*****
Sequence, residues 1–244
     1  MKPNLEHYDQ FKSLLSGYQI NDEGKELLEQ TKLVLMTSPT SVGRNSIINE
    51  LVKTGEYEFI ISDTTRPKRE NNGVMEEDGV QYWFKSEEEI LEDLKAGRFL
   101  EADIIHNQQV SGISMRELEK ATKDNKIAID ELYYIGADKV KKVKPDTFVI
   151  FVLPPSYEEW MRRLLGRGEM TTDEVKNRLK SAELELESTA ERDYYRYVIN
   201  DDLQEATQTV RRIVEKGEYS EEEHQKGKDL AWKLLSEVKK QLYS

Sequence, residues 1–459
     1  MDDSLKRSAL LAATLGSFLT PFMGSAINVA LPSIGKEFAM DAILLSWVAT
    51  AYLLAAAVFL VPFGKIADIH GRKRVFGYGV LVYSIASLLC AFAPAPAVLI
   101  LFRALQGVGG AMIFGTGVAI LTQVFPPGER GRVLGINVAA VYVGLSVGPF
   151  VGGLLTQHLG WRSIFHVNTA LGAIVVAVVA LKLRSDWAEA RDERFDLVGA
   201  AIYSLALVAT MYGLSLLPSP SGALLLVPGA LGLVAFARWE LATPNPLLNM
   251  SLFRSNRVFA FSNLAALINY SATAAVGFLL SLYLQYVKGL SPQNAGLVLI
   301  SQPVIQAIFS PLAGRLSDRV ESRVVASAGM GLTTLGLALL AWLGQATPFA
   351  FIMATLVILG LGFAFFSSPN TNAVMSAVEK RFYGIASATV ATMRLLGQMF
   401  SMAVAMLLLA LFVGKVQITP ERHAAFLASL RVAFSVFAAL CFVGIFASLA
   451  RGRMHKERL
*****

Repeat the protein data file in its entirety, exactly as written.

Sequence, residues 1–244
     1  MKPNLEHYDQ FKSLLSGYQI NDEGKELLEQ TKLVLMTSPT SVGRNSIINE
    51  LVKTGEYEFI ISDTTRPKRE NNGVMEEDGV QYWFKSEEEI LEDLKAGRFL
   101  EADIIHNQQV SGISMRELEK ATKDNKIAID ELYYIGADKV KKVKPDTFVI
   151  FVLPPSYEEW MRRLLGRGEM TTDEVKNRLK SAELELESTA ERDYYRYVIN
   201  DDLQEATQTV RRIVEKGEYS EEEHQKGKDL AWKLLSEVKK QLYS

Sequence, residues 1–459
     1  MDDSLKRSAL LAATLGSFLT PFMGSAINVA LPSIGKEFAM DAILLSWVAT
    51  AYLLAAAVFL VPFGKIADIH GRKRVFGYGV LVYSIASLLC AFAPAPAVLI
   101  LFRALQGVGG AMIFGTGVAI LTQVFPPGER GRVLGINVAA VYVGLSVGPF
   151  VGGLLTQHLG WRSIFHVNTA LGAIVVAVVA LKLRSDWAEA RDERFDLVGA
   201  AIYSLALVAT MYGLSLLPSP SGALLLVPGA LGLVAFARWE LATPNPLLNM
   251  SLFRSNRVFA FSNLAALINY SATAAVGFLL SLYLQYVKGL SPQNAGLVLI
   301  SQPVIQAIFS PLAGRLSDRV ESRVVASAGM GLTTLGLALL AWLGQATPFA
   351  FIMATLVILG LGFAFFSSPN TNAVMSAVEK RFYGIASATV ATMRLLGQMF
   401  SMAVAMLLLA LFVGKVQITP ERHAAFLASL RVAFSVFAAL CFVGIFASLA
   451  RGRMHKERL